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Reaching Calm with Herbs for Nervousness

written by: BStone • edited by: Leigh A. Zaykoski • updated: 6/17/2011

Relaxing herbs for nervousness can relieve feelings of anxiety and tension, without any negative side effects.

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    Toning the Nervous System

    Psychological and emotional disturbances can affect physical health. Conditions such as nervous tension should not be underestimated, but addressed, just like any other ailment. Nervousness, stress, anxiety, depression — these states do have a negative impact on all body systems, affecting the skin, the circulatory, digestive, respiratory, glandular, and reproductive systems. They can be the root cause of common health problems, such as high blood pressure and digestive issues. As opposed to prescription drugs, relaxing herbs are a safe, natural method for reaching and maintaining emotional balance.

    Herbs for nervousness can be used to tone the nervous system. They strengthen and fortify the nerves, thereby making it easier to deal with stressful, every day situations. They also create the foundation for overall health.

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    Nervine Herbs

    Herbs related to the nervous system, sometimes referred to as nervine tonics, are beneficial for nervousness, as well as related conditions, such as insomnia and anxiety.

    • Valerian is an ideal herb for calming over-excited states and releasing tension. It is a nervine, but also a mild sedative. With anti-spasmodic properties, it is useful for quelling menstrual cramps.
    • Lime Blossom is a great herbs for nervous tension, especially when high blood pressure is an issue.
    • Skullcap is an all-around excellent nervine tonic, relaxing and renewing the central nervous system.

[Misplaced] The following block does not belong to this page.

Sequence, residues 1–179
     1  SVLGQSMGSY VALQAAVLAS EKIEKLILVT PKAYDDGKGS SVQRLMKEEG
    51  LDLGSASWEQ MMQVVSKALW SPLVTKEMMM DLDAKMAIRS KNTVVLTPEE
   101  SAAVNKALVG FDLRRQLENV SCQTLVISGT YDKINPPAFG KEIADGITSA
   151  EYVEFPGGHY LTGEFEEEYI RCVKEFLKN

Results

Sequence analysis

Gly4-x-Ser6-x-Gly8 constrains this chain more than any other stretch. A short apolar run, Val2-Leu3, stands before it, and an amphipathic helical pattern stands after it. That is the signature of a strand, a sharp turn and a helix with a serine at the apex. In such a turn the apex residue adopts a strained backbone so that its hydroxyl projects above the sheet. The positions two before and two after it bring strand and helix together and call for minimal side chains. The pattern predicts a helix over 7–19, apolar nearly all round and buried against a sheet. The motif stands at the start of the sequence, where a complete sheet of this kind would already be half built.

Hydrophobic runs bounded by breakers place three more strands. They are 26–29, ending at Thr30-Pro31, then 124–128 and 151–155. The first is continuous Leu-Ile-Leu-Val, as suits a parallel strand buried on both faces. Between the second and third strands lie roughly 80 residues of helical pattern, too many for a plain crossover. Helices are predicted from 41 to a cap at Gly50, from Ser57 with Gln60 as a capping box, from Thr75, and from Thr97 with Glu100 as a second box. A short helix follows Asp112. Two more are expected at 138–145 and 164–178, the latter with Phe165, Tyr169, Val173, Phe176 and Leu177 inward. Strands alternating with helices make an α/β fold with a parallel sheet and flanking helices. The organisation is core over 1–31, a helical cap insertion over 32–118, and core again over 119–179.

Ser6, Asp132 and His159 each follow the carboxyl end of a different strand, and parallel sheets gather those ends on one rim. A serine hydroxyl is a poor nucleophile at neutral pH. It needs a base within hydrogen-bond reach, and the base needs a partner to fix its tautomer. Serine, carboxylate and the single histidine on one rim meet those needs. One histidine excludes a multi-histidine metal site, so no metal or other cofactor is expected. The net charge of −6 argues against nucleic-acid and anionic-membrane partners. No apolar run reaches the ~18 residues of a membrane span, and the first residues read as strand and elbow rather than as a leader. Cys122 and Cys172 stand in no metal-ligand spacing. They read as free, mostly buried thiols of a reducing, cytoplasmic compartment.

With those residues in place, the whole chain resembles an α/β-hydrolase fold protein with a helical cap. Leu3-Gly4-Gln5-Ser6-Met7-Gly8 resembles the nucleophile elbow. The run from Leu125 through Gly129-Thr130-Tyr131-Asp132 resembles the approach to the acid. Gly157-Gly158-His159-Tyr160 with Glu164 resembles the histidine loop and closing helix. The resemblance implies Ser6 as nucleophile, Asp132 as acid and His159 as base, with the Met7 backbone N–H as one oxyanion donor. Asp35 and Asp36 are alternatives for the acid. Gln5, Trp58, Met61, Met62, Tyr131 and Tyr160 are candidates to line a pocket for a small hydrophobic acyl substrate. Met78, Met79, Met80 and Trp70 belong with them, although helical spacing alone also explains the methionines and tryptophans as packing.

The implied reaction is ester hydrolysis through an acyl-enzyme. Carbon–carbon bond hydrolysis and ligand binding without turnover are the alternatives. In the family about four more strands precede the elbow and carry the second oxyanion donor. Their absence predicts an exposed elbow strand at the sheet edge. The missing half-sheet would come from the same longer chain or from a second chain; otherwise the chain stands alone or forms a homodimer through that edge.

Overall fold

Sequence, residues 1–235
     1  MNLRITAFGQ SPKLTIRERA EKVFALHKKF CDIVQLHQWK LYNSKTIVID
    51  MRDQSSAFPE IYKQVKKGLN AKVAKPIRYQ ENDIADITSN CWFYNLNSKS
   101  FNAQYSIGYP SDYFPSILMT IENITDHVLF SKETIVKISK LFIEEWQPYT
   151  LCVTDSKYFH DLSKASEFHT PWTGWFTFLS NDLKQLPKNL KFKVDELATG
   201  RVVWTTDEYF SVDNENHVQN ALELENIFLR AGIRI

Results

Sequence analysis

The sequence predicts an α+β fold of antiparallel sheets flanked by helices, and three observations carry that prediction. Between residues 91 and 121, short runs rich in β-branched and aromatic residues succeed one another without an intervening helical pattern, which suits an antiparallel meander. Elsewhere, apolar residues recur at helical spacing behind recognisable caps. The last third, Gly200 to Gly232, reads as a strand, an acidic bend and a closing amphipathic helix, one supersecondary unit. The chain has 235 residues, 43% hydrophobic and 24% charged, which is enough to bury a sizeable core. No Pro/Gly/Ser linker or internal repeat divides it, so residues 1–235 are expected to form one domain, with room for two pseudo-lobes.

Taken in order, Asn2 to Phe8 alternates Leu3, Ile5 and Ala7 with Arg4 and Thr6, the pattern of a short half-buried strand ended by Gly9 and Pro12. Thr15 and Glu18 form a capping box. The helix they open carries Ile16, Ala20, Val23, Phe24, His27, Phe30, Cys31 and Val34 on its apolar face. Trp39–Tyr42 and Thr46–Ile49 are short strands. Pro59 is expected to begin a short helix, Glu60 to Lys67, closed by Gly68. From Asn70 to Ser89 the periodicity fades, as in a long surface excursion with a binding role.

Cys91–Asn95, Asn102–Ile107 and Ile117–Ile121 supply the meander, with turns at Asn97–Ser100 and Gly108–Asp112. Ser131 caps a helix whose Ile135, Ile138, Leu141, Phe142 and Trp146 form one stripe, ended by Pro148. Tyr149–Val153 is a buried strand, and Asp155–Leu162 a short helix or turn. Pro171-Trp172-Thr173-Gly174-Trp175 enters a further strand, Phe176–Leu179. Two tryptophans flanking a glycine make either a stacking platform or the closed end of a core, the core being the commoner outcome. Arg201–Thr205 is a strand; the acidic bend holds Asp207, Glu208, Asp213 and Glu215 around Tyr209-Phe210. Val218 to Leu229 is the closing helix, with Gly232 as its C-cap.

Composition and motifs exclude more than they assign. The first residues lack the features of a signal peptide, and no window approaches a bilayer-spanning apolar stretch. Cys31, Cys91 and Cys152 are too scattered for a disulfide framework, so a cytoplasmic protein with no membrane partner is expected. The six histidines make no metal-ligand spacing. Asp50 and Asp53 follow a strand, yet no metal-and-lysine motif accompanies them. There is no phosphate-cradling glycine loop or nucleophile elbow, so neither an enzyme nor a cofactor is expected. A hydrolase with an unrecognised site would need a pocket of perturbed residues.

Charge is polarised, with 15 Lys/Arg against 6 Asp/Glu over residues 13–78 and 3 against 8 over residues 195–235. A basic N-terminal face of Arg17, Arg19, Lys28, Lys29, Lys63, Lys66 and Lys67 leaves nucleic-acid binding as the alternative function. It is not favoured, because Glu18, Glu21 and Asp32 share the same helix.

• Chamomile is one of the most gentle relaxing herbs, safe even for children. It combines well with any of the other nervines, contributing a calming, soothing effect.
    • Peppermint is another very safe, gentle herb to treat nervousness. It relaxes any tissue which it comes into contact with, settling upset stomach, and mild tension-related pain.
    • Lavender is another universal herb for the nervous system. It can be used for nervous exhaustion, to promote restful sleep, and to treat headaches. Combined with rosemary, it can be used to relieve mild depression.
    • Oats, or oatstraw, is excellent for fortifying nerves. Used regularly, this herb can really help with chronic stress. For depression, it combines well with skullcap and lady's slipper.
    • Passion flower is ideal for insomnia, especially in conjunction with valerian and hops. It can also be useful for treating asthma brought on by tension.

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    Safe Usage

    herbs for nervousness Although all of the herbs for nervousness are generally safe, it is important to use these natural remedies responsibly. Lime blossom for example can lower blood pressure, which may not always be desirable. Most act as mild sedatives, and should not be mixed with alcohol or drugs. Drinking one cup of herbal tea will only allow the body to rest and relax, but it is always wise to use caution, especially when using herbs for the first time. Do not take relaxing herbs before serious physical or mental activity, at least until you are familiar with your body's response. For pregnant women, and people on prescription medication, it is always important to talk to your doctor.

    When treating nervousness, drink one to three cups per day, of any of the herbs listed above. They can be taken alone, although many are more beneficial when taken together. Use two teaspoons total of the dried herbs for one cup of boiling water. Infuse for ten minutes. Add honey if desired and enjoy. Herbal tinctures are also very effective. Take one dropperful in a cup of juice, water, or tea, two times a day.

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    Resources

    Hoffmann, David. "The Complete Illustrated Holistic Herbal: A Safe and Practical Guide to Making and Using Herbal Remedies." (Element Books, 1996).

    Balch, Phyllis, CNC. "Prescription for Nutritional Healing, 4th Edition." (The Penguin Group, 2006).

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    Photo Credit

    photo by: Pallaea (CC/flickr) <http://www.flickr.com/photos/7147684@N03/3440287031/>.

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    Disclaimer

    Please read this disclaimer regarding the information contained within this article.